Why does scoliosis develop most often in late childhood?
Why is it more common in girls? Scoliosis most often develops in
late childhood because of the association between growth and progressive
scoliosis curves. Although scoliosis can develop at any age, including
infantile (age birth- 3), Juvenile (age 3-10), adolescent (age 10-18)
and adult (> age 18), the most common time to detect curves are in
late childhood/early teen years. Thus, the most common form seen,
Adolescent Idiopathic Scoliosis (AIS), is detected between ages 10 and
18, often just before or after puberty and the associated adolescent
growth spurt. Small curves (10-20 degrees) are nearly equally found in
boys and girls, but larger curves which often need treatment (those >
40 degrees) are seen in females to males in a 9:1 ratio. It is a bit
unclear why that is the case, it may certainly be a genetic tendency,
and/or something relating to hormonal alterations or connective tissue
adaptations for the potential for childbirth in females.
What causes some children to develop scoliosis while others do not?
Is it simply genetic or are there other factors involved? Although there
are many potential etiologic factors implicated for idiopathic
scoliosis development, the genetic aspects are probably the most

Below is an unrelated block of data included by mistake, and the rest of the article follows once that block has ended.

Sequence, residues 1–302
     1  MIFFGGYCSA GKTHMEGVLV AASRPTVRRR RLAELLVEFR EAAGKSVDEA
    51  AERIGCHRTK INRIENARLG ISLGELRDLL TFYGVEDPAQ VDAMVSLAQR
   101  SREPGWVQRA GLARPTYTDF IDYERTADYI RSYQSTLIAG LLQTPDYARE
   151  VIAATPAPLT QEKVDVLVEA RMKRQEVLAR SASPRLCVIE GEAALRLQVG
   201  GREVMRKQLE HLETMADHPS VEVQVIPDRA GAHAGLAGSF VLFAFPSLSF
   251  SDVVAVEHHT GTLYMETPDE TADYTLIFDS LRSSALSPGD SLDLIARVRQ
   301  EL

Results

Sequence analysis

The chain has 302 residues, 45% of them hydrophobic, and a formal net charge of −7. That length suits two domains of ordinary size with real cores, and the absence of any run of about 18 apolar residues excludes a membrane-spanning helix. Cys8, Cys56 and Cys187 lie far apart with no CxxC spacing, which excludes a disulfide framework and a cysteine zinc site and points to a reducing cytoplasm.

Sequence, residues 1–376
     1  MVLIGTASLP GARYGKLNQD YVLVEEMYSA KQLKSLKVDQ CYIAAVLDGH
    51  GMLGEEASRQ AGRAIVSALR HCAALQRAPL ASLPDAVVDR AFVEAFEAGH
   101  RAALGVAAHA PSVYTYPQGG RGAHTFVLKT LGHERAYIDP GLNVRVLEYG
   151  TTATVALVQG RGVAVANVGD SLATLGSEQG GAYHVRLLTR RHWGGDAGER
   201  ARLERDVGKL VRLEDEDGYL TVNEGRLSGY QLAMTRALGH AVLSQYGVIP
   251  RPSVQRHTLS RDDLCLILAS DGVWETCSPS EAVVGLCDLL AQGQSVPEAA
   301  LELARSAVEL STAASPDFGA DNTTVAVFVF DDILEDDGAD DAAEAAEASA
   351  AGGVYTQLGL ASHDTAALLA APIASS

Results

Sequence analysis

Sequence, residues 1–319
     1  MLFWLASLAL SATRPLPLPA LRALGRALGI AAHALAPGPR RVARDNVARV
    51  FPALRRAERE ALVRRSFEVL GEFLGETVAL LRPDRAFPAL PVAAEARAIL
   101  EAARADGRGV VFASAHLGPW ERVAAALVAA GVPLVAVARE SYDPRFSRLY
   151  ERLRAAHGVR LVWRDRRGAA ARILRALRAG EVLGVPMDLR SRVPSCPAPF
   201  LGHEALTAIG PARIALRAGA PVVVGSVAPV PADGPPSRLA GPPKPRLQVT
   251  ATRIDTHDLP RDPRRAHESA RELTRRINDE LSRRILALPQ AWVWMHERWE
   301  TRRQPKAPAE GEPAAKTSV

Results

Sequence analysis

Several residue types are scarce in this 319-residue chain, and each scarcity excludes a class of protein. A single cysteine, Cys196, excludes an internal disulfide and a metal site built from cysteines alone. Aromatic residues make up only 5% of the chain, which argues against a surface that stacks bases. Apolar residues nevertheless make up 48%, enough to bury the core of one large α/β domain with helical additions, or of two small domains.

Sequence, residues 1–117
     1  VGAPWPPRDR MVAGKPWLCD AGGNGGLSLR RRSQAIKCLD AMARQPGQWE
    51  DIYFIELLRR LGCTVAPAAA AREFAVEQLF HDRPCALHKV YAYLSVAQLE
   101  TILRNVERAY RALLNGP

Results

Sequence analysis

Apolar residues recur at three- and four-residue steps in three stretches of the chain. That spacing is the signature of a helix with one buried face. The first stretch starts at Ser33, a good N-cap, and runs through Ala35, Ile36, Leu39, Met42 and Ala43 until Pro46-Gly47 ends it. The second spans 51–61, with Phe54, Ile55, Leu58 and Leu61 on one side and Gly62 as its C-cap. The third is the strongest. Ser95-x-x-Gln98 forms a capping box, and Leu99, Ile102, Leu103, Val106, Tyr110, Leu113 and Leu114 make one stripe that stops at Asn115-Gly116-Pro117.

influential. Multiple genetic studies have confirmed strong family
relations including studies of identical vs paternal twins. Other
factors such as various hormones, equilibrium and balance issues have
been promoted as well, but none are conclusive. The genetic factors are
strong but highly complex, multigene interactions that are still being
actively investigated, including here at Washington University by Dr
Matt Dobbs of the Department of Orthopedic Surgery.
What causes adults to develop scoliosis?
Adults can develop scoliosis as a result of slow progression of
childhood curves that were untreated, or as curves that develop on their
own from aging of the spine, usually in the lower (lumbar) region and
termed "de novo" adult lumbar scoliosis. These de novo curves result
from progressive degeneration of the joints in the back of the spine
along with degeneration of the discs supporting the front of the spine.
Although this natural aging process occurs in everyone, only certain
people will develop a corresponding scoliosis with the process.
To read more Scoliosis FAQ's, please visit our website at: http://www.ortho.wustl.edu/content/Patient-Care/3319/SERVICES/Spine/Scoliosis-FAQ.aspx.